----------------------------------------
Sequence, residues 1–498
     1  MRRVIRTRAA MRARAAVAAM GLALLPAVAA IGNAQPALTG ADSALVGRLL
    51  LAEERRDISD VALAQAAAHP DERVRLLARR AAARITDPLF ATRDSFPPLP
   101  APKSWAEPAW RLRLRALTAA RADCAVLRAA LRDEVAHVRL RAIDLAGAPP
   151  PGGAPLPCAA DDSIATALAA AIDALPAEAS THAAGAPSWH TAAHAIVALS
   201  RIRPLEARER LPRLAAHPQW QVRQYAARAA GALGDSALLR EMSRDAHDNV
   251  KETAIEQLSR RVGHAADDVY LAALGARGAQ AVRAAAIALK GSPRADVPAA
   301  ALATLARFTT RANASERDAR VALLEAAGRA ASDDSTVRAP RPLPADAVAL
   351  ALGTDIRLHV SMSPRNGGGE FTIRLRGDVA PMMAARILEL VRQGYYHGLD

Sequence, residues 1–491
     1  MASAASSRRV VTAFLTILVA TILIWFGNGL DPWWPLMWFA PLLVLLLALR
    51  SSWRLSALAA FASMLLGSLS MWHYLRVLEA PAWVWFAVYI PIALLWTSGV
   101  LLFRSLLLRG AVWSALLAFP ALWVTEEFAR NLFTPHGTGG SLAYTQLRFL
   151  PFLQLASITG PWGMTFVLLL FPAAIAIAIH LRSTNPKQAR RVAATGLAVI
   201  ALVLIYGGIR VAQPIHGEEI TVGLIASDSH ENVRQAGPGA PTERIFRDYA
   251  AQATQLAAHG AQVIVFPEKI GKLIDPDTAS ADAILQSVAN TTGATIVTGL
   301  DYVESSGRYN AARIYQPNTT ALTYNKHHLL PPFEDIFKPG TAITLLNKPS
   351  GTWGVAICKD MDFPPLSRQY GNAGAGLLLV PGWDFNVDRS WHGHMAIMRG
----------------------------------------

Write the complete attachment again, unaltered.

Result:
Sequence, residues 1–498
     1  MRRVIRTRAA MRARAAVAAM GLALLPAVAA IGNAQPALTG ADSALVGRLL
    51  LAEERRDISD VALAQAAAHP DERVRLLARR AAARITDPLF ATRDSFPPLP
   101  APKSWAEPAW RLRLRALTAA RADCAVLRAA LRDEVAHVRL RAIDLAGAPP
   151  PGGAPLPCAA DDSIATALAA AIDALPAEAS THAAGAPSWH TAAHAIVALS
   201  RIRPLEARER LPRLAAHPQW QVRQYAARAA GALGDSALLR EMSRDAHDNV
   251  KETAIEQLSR RVGHAADDVY LAALGARGAQ AVRAAAIALK GSPRADVPAA
   301  ALATLARFTT RANASERDAR VALLEAAGRA ASDDSTVRAP RPLPADAVAL
   351  ALGTDIRLHV SMSPRNGGGE FTIRLRGDVA PMMAARILEL VRQGYYHGLD

Sequence, residues 1–491
     1  MASAASSRRV VTAFLTILVA TILIWFGNGL DPWWPLMWFA PLLVLLLALR
    51  SSWRLSALAA FASMLLGSLS MWHYLRVLEA PAWVWFAVYI PIALLWTSGV
   101  LLFRSLLLRG AVWSALLAFP ALWVTEEFAR NLFTPHGTGG SLAYTQLRFL
   151  PFLQLASITG PWGMTFVLLL FPAAIAIAIH LRSTNPKQAR RVAATGLAVI
   201  ALVLIYGGIR VAQPIHGEEI TVGLIASDSH ENVRQAGPGA PTERIFRDYA
   251  AQATQLAAHG AQVIVFPEKI GKLIDPDTAS ADAILQSVAN TTGATIVTGL
   301  DYVESSGRYN AARIYQPNTT ALTYNKHHLL PPFEDIFKPG TAITLLNKPS
   351  GTWGVAICKD MDFPPLSRQY GNAGAGLLLV PGWDFNVDRS WHGHMAIMRG